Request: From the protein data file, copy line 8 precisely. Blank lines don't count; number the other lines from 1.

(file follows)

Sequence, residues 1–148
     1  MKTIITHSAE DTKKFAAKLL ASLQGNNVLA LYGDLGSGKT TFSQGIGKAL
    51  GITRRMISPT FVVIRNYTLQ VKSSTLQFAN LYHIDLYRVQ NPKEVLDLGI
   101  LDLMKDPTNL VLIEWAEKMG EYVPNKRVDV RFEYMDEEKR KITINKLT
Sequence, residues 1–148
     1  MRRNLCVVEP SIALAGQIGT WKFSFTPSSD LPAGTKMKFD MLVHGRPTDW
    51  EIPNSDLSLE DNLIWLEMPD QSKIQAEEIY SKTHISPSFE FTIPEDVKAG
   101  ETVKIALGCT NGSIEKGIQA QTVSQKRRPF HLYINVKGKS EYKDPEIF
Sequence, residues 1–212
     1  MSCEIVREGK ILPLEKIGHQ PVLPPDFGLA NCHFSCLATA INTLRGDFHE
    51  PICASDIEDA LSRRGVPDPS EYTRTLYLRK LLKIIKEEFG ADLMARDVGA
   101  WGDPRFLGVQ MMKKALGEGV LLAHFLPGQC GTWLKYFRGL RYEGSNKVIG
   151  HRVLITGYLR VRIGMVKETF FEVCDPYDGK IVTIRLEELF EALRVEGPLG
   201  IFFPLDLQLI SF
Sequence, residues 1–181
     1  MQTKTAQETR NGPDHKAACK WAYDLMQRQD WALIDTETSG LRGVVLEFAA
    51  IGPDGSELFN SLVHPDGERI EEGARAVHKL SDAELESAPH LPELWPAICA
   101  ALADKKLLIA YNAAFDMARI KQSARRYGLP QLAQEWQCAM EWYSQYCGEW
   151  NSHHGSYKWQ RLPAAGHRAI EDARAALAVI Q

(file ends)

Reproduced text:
   101  ETVKIALGCT NGSIEKGIQA QTVSQKRRPF HLYINVKGKS EYKDPEIF